Perhaps the aim was to let sleeping dogs lie. To a certain extent, it worked. Indeed, many in China today have never heard of the rebellion and know little either of the Hui or Islam. That very absence, however, has played into the hands of contemporary Chinese Islamophobes (穆黑), active on Weibo.

With few competing interpretations available, a very vocal minority has sought to portray the Great Northwestern Muslim Rebellion as a forgotten terror, a time when the Hui took up arms in a jihad designed to exterminate the Han. In their writings, the history of the rebellion is employed to indigenise wider international discourses of post-9/11 Islamophobia, swirled into a toxic mix wherein nineteenth-century Gansu Sufis rub shoulders with ISIS gunmen.

Accounts of the rebellion act as a dog-whistle to their readers, a spur to remind them of the perceived dangers of a Muslim minority and a call to action against ‘creeping Islamification’ (清真泛化). The articles gain their power precisely by claiming that this is a history that has been deliberately hidden from the Han masses, presumably either by the agency of shadowy Muslim powers or the government in its promotion of a flawed narrative of ethnic harmony.

The most sophisticated project in this vein that I have encountered to date, which proclaims itself as dedicated to ‘rescuing’ the history of the Shaan-Gan rebellions, is not just producing writing about the rebellions but is also crowd-funding the re-publication of selected histories from the postbellum period. Comparatively small in reach and recently less active, this organisation’s Weibo page has nonetheless been viewed some 13 million times to date.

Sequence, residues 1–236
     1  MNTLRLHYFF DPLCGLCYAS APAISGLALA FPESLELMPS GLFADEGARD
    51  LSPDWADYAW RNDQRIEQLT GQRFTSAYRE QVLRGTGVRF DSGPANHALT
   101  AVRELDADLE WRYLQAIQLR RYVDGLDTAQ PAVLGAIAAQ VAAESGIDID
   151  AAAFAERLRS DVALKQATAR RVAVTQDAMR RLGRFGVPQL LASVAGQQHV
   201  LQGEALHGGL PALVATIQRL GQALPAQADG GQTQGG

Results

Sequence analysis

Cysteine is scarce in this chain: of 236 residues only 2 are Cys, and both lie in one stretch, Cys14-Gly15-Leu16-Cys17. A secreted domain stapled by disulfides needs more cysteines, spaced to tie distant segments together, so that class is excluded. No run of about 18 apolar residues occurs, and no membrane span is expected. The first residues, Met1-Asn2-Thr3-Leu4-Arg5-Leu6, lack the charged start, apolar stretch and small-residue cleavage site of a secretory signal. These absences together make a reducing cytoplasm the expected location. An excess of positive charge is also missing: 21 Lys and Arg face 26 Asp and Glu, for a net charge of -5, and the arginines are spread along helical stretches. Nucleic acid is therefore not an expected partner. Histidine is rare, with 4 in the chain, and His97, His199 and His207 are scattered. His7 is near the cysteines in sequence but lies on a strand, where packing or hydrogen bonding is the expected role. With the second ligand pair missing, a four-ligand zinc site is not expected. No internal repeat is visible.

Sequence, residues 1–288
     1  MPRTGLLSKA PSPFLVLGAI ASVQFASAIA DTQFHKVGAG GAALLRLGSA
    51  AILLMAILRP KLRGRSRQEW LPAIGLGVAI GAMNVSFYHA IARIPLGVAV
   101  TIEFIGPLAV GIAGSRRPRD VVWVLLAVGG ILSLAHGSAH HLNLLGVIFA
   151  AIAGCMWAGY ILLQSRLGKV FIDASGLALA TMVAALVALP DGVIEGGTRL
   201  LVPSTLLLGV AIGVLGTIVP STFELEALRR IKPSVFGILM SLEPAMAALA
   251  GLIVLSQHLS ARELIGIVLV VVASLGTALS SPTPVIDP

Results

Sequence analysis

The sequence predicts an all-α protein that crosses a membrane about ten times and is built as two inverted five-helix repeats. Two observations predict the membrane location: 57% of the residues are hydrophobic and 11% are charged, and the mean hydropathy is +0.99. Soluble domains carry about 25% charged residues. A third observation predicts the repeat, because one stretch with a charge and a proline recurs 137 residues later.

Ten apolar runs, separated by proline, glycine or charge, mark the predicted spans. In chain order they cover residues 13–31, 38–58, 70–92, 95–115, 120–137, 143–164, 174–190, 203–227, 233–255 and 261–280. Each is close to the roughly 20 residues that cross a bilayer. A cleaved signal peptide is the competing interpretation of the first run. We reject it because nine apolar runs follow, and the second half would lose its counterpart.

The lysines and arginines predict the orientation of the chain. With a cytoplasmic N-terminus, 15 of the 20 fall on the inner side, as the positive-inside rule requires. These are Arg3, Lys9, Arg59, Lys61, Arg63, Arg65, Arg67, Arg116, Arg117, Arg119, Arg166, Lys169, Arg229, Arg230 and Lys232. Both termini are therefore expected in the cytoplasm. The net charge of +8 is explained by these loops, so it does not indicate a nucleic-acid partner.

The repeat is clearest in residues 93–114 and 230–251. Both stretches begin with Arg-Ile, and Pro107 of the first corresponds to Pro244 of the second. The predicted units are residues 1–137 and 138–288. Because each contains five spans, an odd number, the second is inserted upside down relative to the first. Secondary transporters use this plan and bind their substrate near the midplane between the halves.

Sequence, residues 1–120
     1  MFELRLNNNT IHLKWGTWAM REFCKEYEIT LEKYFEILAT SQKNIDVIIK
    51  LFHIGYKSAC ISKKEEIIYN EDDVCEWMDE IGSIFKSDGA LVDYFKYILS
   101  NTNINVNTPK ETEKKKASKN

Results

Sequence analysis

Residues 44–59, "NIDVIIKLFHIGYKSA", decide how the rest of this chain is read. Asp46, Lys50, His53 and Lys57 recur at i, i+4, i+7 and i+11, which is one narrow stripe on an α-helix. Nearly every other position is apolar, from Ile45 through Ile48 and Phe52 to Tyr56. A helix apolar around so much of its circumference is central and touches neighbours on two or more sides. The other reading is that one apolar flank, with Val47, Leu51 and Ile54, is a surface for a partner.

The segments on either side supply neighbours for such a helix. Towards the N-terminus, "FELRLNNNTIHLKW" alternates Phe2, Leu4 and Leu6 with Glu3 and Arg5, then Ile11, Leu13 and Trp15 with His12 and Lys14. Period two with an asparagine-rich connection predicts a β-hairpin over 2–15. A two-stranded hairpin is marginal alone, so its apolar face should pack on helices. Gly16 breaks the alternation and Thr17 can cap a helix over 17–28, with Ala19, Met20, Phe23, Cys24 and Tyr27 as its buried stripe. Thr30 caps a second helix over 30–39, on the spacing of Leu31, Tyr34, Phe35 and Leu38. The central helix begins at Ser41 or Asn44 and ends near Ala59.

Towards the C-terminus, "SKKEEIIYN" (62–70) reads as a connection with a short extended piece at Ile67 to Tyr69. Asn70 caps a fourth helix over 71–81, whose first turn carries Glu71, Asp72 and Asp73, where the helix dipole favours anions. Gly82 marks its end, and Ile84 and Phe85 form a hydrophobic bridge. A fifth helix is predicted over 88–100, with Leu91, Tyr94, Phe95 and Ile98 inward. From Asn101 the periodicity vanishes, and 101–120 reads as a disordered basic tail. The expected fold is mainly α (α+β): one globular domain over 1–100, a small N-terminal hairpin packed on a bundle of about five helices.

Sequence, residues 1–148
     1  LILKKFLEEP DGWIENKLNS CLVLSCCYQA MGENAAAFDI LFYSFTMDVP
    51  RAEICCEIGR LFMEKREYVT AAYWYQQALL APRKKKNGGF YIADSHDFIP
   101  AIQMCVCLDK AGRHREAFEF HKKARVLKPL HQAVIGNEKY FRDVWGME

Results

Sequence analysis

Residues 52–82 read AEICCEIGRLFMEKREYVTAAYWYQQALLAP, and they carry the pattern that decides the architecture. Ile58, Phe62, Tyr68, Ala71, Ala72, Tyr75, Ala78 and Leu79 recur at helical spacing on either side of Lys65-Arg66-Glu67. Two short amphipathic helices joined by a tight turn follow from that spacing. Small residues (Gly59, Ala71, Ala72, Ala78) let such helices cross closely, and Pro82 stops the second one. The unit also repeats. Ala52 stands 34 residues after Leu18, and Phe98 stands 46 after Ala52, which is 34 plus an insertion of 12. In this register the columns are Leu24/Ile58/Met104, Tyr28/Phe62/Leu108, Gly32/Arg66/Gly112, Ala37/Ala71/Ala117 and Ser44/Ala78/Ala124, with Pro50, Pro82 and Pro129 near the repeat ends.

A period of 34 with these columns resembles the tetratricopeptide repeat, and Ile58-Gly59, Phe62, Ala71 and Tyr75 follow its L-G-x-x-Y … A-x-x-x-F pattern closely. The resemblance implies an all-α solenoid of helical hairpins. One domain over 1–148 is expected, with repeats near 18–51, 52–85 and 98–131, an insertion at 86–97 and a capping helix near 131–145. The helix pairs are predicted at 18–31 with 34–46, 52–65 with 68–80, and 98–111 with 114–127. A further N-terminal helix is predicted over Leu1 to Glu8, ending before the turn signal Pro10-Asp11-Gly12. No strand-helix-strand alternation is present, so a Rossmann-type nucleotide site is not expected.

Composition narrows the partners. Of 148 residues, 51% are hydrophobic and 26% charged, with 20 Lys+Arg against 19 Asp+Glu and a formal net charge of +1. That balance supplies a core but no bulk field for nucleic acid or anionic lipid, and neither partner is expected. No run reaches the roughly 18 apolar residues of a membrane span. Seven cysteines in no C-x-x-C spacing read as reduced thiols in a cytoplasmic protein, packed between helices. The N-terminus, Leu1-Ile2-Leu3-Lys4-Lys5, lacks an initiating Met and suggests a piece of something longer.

As the above might suggest, this strand of Islamophobia walks a fine line in terms of Chinese censorship. It offers implicit support for China’s ongoing ‘anti-terrorism’ campaigns, which have resulted in the detention of approximately one million Uyghurs in ‘re-education camps’ since around March 2017, as well as the effective banning of all Islamic religious activity in the Xinjiang Autonomous Region. The Hui have also faced increased scrutiny of their religious affairs and are under pressure to ‘deepen the Sinicisation’ of Islam in China.

However, such writings also suggest a critique of past government policy and, often, an unabashed Han nationalism that goes against the Chinese Communist Party’s (CCP) rhetoric regarding China’s multi-ethnic nature. The more virulently Islamophobic articles published about the Great Northwestern Muslim Rebellion are periodically scrubbed from the Chinese web, and their authors dance a long-form game of tag with the censors. Nevertheless, in the wake of the deletion of the Baike Baidu article, it is still far easier to find such articles online than any alternative account of the rebellion.

The drive to rediscover and highlight the Great Northwestern Muslim Rebellion stems from a very contemporary form of Islamophobia. It is effective precisely because the rebellion left such deep rifts and because there has never been a full and frank reckoning of what the rebellion actually signified. Almost every mention of the rebellion, under its various names, are currently being deleted from the Chinese internet: as of 24 July 2019, searches on Baidu return just a handful of results.

Gone, but not forgotten.

Hannah Theaker is a Junior Research Fellow in Oriental Studies at St Anne’s College, Oxford. She is currently working on a monograph exploring social, religious and political transformation in Shaanxi and Gansu following the Great Northwestern Muslim Rebellion.

*Articles published by The Asia Dialogue represent the views of the author(s) and not necessarily those of The Asia Dialogue or affiliated institutions.